WHO Health Systems 

This conceptual framework, also called the “building blocks framework” was developed by the WHO and defines six core elements of a health system  [5] :
Service delivery: considers demand for services, package of integrated services, organization of provider network, management, and infrastructure & logistics. 
Health workforce: considers availability and distribution of health workers across levels of the system, access to education/training programs, and workforce retention.
Health information system: considers availability of population and facility-based data and the capacity to analyze and promote/act on collected information.
Medical products, vaccines & technologies: considers the availability of evidence-based and cost-effective health commodities.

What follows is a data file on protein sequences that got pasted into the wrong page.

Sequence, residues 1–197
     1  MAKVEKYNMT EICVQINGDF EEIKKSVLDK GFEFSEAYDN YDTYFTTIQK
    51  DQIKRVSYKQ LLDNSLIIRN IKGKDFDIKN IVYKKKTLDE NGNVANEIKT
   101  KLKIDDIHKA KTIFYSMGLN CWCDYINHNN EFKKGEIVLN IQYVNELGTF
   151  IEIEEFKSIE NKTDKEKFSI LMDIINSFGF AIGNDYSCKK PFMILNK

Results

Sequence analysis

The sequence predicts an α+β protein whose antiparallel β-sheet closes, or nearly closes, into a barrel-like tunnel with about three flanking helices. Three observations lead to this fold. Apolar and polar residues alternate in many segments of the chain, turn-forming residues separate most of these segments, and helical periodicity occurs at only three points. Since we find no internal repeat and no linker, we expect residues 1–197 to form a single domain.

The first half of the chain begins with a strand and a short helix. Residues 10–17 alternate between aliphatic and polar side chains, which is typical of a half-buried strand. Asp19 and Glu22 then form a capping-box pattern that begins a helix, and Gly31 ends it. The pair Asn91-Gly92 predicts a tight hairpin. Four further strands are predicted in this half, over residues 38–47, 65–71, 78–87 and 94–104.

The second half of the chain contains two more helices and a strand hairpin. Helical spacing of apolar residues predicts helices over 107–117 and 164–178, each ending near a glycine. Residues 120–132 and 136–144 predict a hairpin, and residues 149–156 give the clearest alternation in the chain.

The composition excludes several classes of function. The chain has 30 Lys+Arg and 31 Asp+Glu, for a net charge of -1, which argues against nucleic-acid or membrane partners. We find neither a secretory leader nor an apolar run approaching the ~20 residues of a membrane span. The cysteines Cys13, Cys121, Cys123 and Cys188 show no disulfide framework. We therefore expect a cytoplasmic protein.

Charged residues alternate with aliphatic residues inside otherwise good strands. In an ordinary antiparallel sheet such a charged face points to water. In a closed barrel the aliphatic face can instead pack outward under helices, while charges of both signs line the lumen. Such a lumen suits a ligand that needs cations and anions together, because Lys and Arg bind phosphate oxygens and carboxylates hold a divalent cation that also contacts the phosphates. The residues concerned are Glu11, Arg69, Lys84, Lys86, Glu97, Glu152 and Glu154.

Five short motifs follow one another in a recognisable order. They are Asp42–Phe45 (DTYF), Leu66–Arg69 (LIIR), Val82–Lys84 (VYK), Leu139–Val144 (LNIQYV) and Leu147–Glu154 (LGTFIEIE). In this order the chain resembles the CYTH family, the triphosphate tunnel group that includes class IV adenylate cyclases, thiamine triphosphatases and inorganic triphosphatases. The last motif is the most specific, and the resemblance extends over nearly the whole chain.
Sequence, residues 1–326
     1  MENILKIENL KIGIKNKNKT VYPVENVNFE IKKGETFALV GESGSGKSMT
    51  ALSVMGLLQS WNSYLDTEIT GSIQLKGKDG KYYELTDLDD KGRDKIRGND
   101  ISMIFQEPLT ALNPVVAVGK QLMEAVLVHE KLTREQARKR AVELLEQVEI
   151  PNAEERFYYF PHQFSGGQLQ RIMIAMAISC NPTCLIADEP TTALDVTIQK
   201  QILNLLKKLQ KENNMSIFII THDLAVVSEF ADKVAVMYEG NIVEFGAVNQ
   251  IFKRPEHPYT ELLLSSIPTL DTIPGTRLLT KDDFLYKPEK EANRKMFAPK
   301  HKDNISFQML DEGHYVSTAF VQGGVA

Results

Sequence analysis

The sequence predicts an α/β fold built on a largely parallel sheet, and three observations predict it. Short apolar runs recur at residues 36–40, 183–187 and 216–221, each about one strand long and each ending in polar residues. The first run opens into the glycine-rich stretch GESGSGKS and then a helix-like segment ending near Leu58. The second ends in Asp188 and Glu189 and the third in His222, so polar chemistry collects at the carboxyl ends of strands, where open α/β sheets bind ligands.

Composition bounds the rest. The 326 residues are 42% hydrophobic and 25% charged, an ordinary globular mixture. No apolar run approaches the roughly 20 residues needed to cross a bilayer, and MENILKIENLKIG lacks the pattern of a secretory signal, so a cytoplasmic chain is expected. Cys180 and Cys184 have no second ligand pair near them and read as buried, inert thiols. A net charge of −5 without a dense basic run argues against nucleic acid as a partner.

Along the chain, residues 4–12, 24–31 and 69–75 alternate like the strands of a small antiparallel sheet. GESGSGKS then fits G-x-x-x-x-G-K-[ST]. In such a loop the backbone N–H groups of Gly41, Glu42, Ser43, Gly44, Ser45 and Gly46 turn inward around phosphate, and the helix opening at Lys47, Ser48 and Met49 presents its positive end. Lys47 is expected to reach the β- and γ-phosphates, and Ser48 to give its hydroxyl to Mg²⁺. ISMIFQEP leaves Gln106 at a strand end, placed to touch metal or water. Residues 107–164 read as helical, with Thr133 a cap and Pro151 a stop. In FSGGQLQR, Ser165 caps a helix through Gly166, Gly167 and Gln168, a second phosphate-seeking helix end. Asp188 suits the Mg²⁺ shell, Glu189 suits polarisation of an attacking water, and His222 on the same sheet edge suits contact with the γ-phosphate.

Financing: considers reliance on out-of-pocket payments, vulnerable populations’ financial access to healthcare, transparency & accountability in financing systems, among others.  
Leadership & governance: considers health system design, accountability, regulation, policy guidance, and oversight. 
These building blocks help to evaluate how specific parts of an existing health system might impact the success of a health intervention, and by doing so, they speak to the CFIR’s “inner setting” construct.

How was this framework applied?